It wasn’t just Irish eyes smiling on St. Patrick’s Day as New Yorkers celebrated one of the largest parades to march in the streets since the rise of COVID-19.
The St. Patrick’s Day parade returned on March 17, drawing thousands of spectators and marchers alike, despite the inclement weather which literally rained on the parade.
Kicking off from 44th Street and 5th Avenue, Mayor Eric Adams and Police Commissioner Keechant Sewell led the revelry with wide waves and flapping Irish flags. Striding forth, the two served as frontrunners for the sea of people ready to follow in their footsteps.
Flanked on either side, hundreds of New Yorkers young and old decked themselves out in green and cheered on the parade.
Aleza, a 93-year-old woman enthusiastically waved from her wheelchair, cheering on the FDNY as they walked past on 66th Street and Fifth Avenue. One firefighter left his ranks and placed a green beaded necklace with shamrocks over her neck as a token of appreciation for her support.
“I came out for the beautiful parade because I love watching the bagpipes and marchers,” Aleza said.
Steve Costello beamed with pride telling amNewYork Metro that his father, Tom Costello, a Chaplain of the Hewlett Bay Fire Department had the privilege to march alongside the 2022 Grand Marshal James T. Callahan, the General President of the International Union of Operating Engineers.
“It’s a really special day for our family. We are just really proud of him and to have the parade back in New York and to see the people out is fantastic,” Steve Costello said, sharing that he and his family traveled from Long Island to enjoy the festivities.
Holding up his six-year-old daughter, Erin, and a poster she created for the celebration reading, “We love you Grandpa,” Costello says that it’s been a long time since he’s seen New York City streets filled with so much love and joy.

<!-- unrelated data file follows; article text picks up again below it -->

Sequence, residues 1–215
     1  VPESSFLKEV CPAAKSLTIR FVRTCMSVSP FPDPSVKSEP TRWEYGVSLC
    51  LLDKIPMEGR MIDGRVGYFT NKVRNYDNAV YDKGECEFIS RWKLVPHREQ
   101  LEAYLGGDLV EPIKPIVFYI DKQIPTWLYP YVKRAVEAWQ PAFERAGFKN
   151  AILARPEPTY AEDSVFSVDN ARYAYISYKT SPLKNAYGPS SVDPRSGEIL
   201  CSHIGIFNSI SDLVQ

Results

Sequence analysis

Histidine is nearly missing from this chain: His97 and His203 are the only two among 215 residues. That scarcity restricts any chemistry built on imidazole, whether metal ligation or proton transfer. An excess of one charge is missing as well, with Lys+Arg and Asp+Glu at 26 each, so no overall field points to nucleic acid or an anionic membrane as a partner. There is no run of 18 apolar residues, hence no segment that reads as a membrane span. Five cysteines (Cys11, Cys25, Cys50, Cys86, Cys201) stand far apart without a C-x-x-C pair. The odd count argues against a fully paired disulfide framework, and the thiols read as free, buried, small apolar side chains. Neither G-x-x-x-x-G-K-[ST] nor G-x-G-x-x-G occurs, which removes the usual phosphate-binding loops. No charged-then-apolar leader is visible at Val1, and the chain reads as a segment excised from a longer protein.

“The last couple of years we really missed the parade. It’s such a nice day to celebrate the Irish heritage and to see everybody laughing and having a good time. It’s refreshing to have it back,” Costello said.
For many, the parade is more than an opportunity to commemorate Irish heritage, it’s about celebrating culture with their fellow New Yorkers with music, laughter, and bright green colors.
Heidi Langdon is from Yonkers and every year she would travel down to Fifth Avenue to attend the St. Patrick’s Day parade before the pandemic hit. After two years of cancellations, Langdon is thrilled to be back wearing her green Leprechaun hat, Shamrock glasses, and emerald beads.
“It’s great to be here! We missed this for a long time. It’s great, I like the bands. I love FDNY,” Langdon said, showcasing a green FDNY t-shirt and adding she comes from eight generations of firefighters.
The parade culminated on 84th Street and Fifth Avenue.
Ex-Brit turned Manhattan resident since 2008.